DANIEL SCHRADER (Regensburg) examines the symbols and rituals of inclusion and exclusion employed by councillors of Samara’s Duma. In the turbulent period of the Russian Revolution and the Civil War, the attractiveness of the communicative space of the Duma changed considerably. Whereas the opening ritual in April 1917 nearly escalated into a violent clash, the situation after the re-elections in October was characterized by the efforts to fit in. The developed parliamentary rituals and insider languages were clearly used to include and exclude the correct persons.
EVY JOHANNE HÅLAND (Bergen) provided the audience with the results of her field research in Greek Macedonia. Annually, the Anasterides and Anastarisses in this region celebrate a festival called the Anastenaria. These groups descend from people of eastern Trace, who fled to Greek Macedonia after the Balkan Wars. The festival is dedicated to deceased saints, who are depicted on two particularly holy icons brought with them from Trace. The main ritual is an ecstatic dance over red-hot coals in a state of trance – a purifying ritual. This ritual is in opposition to the official Greek Orthodox religion and was therefore, performed secretly for many years. During the Anastenaria, various antagonists become apparent, between the ‘indigenous Greeks’ and the ‘Thracians’, the official and unofficial religion, educated and less educated inhabitants, just to name a few. Thus, practices of inclusion and exclusion are tangible at different levels and an essential part of the festival.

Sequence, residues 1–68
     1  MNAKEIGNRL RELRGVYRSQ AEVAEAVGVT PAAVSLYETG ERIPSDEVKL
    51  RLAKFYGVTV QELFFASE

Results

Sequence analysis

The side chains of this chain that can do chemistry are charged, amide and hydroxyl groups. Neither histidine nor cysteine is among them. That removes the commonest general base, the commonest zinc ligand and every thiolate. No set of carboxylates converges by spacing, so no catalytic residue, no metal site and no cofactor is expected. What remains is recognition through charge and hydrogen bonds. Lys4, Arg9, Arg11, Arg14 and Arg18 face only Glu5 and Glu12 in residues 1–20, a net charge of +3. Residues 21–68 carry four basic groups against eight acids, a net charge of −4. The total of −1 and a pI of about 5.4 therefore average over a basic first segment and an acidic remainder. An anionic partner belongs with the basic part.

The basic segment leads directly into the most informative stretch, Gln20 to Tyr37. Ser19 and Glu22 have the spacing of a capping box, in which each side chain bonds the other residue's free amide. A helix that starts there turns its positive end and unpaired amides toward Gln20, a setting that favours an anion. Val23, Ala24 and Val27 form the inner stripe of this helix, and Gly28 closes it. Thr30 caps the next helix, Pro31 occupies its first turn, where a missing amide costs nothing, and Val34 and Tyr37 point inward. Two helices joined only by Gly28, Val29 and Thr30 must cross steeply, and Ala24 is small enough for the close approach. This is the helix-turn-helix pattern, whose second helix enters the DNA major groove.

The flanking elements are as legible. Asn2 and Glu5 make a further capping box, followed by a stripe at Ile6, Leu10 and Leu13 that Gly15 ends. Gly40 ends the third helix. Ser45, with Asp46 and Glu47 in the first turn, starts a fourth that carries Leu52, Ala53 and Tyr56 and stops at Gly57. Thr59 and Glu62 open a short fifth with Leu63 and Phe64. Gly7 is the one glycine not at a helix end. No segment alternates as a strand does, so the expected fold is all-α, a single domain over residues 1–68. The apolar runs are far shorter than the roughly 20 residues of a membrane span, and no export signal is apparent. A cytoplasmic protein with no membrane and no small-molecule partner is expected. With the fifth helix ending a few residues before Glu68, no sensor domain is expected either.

BENJAMIN SCHMID (München) described in his paper the relation between shame, self-exclusion, and political order in his paper. He traced the ideas about shame in political context throughout history and political thought. Political thinkers often claimed that shame has to do with the stabilization and preservation of political order. Schmid argued that shame is a basis for political order. The self-exclusion because of shame is fundamental for the distinction of the public and the private sphere and therefore for the emerging of a political sphere. In conclusion, shame has an inherent productive political potential, up to now understudied in the literature about political thought.
ALISON E. MARTIN (Reading) elaborated on the translators of scientific literature as gatekeepers of knowledge. The economic success of scientific authors, like Isaac Newton or Charles Darwin, depended highly on their ability to create works of mass public appeal by the means of vivid and lively language. The translators of these works had to manage the task to make the texts fitting into the understanding, and reading habits of a different readership and culture. Frequently, they manipulated lexis, register and even content to redesign the texts in order to meet the expectations of the new audience. A powerful tool of the translators were paratextual devices by which they could create a more inclusive (e. g. dissolute explanatory footnotes) or exclusive (e. g. references to sources in ancient Greek) overall construction.